Utah Camping Reservation Tips for July 4th and Summer 2022 – Salt Lake Tribune | Gmx Pharm

A popular campground locator app lists more than 1,300 campgrounds in Utah. But when the 4th of July weekend was entered as the reservation date, the number of available seats vanished faster than a popsicle on a midsummer day. In fact, none turned out. zilch. Zipper. Zero.

Turns out this was just a temporary bug in the app. But for all potential campers who didn’t make reservations in January, the mood is the same. Finding a campground every weekend this summer, let alone a bank holiday weekend, feels impossible.

Good news: it isn’t.

Despite 8.5 million people having their first camping experience in 2021, according to a report released June 1 by free campsite locator app The Dyrt (conducted in collaboration with two independent pollsters). And even the same report revealed that it was three times harder for campers to book a pitch than in 2019, it can be done. Honest.

However, a fine must be paid for a lack of planning. It will likely come in the form of a lack of running water, electricity, toilets or – for those who don’t want to live without these luxuries – high costs. But if the goal is to spend the night in the wilderness, that’s not out of reach this weekend either.

“Be open to all kinds of camping and you’ll have more options,” says Sarah Smith, founder of The Dyrt, a free campground locator app. “Which I think is a really fun way to camp.”

Here are some options to consider:

Do a last minute check

The misfortune of others can lead to your happiness. You never know when an injury or an emergency or a person’s realization that they don’t really enjoy communicating with nature will result in them canceling their reservation at the last minute. For this reason, it’s worth checking recreation.gov, the reservations site for all state-run (and some state-run) campgrounds, to see what’s available. However, if you don’t have time to revisit this lake spot with great fishing, you can pay a little to have the Campnab app do it for you.

Other apps worth checking out are hipcamp.com and thedyrt.com, both of which have established campgrounds but also contract with private landowners who are willing to rent space on their property.

Go group or glamp

When camping in the dark, do you have to pitch a tent and sleep either on a slope or on lumpy rocks? If the answer is no, and you don’t believe camping has to be cheap either, then the world is your yurt.

Although they can cost as much as a hotel room, several campsites still have glamping sites available. This often includes a free standing yurt, cabin or caravan with beds, blankets and perhaps your own hot shower.

The downside is that they can cost three to five times more than a spot on a traditional campsite and sometimes even more than a hotel room. The same goes for group pages. Several campgrounds across the state (try Tanner Flat or Strawberry Bay) still have reservations for their most spacious sites, suitable for you and all of your neighbors, but also costing upwards of $100 a night.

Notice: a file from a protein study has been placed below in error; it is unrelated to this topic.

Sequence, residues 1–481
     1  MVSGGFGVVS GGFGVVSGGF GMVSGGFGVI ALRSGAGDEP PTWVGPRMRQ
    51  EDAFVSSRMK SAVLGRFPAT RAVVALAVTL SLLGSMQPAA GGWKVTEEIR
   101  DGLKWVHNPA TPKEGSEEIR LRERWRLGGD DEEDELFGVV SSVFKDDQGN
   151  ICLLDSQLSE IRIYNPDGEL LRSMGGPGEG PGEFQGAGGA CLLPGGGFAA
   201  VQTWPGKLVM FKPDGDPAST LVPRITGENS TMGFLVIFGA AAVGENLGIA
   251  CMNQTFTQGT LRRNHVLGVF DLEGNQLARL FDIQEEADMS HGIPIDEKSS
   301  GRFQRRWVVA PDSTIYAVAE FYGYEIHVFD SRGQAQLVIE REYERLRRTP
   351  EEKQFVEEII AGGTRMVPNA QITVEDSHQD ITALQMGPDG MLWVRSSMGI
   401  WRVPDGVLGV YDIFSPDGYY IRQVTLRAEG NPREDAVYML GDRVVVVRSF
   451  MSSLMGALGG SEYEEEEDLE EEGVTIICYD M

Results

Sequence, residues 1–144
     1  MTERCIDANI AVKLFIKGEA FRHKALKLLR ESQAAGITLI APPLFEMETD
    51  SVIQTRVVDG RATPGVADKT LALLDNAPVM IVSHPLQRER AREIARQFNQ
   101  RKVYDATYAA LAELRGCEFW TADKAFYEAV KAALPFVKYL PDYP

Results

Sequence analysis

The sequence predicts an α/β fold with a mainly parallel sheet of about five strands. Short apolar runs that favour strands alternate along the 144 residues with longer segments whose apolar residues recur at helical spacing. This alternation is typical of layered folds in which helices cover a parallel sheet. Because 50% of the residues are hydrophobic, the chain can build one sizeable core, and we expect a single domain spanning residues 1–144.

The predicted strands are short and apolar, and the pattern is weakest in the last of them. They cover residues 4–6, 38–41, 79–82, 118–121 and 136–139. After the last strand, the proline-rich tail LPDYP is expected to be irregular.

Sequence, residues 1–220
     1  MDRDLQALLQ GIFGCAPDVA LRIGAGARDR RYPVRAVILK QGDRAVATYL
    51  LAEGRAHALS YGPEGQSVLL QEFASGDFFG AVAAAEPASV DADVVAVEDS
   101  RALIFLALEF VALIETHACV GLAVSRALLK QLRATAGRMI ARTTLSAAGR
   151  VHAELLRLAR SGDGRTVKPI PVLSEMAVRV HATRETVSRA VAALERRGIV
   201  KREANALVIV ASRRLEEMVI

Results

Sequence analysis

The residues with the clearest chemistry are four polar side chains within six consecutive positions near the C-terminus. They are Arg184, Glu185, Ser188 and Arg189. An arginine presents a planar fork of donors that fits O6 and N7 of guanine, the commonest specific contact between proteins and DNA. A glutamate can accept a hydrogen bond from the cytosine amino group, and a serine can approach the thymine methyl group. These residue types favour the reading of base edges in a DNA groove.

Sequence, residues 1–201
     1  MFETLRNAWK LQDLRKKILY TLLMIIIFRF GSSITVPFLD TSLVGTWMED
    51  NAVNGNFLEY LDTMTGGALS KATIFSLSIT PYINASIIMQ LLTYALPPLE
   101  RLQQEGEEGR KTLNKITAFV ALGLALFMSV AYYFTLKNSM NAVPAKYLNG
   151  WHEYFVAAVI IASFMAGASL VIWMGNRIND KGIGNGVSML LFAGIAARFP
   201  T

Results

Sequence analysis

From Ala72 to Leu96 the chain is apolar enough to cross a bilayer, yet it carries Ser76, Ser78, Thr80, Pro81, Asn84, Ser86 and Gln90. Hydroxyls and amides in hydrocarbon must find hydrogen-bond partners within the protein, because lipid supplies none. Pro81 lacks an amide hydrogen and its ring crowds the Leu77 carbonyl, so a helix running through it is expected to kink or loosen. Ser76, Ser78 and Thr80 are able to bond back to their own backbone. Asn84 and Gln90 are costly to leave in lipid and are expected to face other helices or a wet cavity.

Be an early bird

Just for procrastinators like you, most state-run campgrounds have multiple sites reserved on a first-come, first-served basis. These can be high risk and high reward. If you can snag one, great. But if you want to keep looking further for something closer to the water or farther from the toilets, for example, you might be left out in the rain. That’s if you even get the luxury of choice. These spots fill up early and often, so it’s best to go mid-week (which is actually a great way to find campsites any time this summer) or at least a few hours before checking out if you get a chance want to make your claim.

Some Utah campgrounds that offer first-come, first-served campgrounds include: Anderson Cove Campground near Ogden, Gooseberry Campground in Fish Lakes National Forest, Currant Creek Campground south of Heber City, and Hades Campground, 55 Located miles east of Park City.

Create your own adventure

One of the best kept camping secrets is scattered camping. Most properties managed by the Bureau of Land Management or the United States Forest Service allow people to pitch tents or park their RVs. That means you can choose how close you want to be to a neighbor or the freeway (although the accommodating camper will seek a spot previously used as a pitch). Plus it’s free.

“If you have some time and you have some adventurous streaks, go out and explore a little more and see what you can find,” said Smith, noting that the paid version of The Dyrt has state and often overlays Pins and reviews of popular distributed sites. “I mean, especially in a state like Utah where there’s so much public land.”

Some caveats, however, courtesy of Loyal Clark, spokesman for the Uinta-Wasatch-Cache National Forest.

Clark advises checking campfire restrictions at Utahfireinfo.gov first. If fires are allowed, make sure they are completely extinguished before leaving. Do this by pouring water on the ash and stirring, pouring and stirring, until cold to the touch. Also, don’t try to burn rubbish like cans or plastic or styrofoam – put it away. And leave sticks in the ashes.

Second, camp at least 20 feet away from rivers, streams, and wetlands. Bring a portable toilet or learn how and where to bury your business. This type of excursion also requires you to collect or filter all the water you need.

Once you’re settled, unfold the camp chair and sit back to listen to the sounds of nature. Watch a hummingbird fly by. It should be impossible for them to keep their bodies in the air with those tiny wings.

But just like when looking for a campground on a bank holiday weekend, this isn’t the case.

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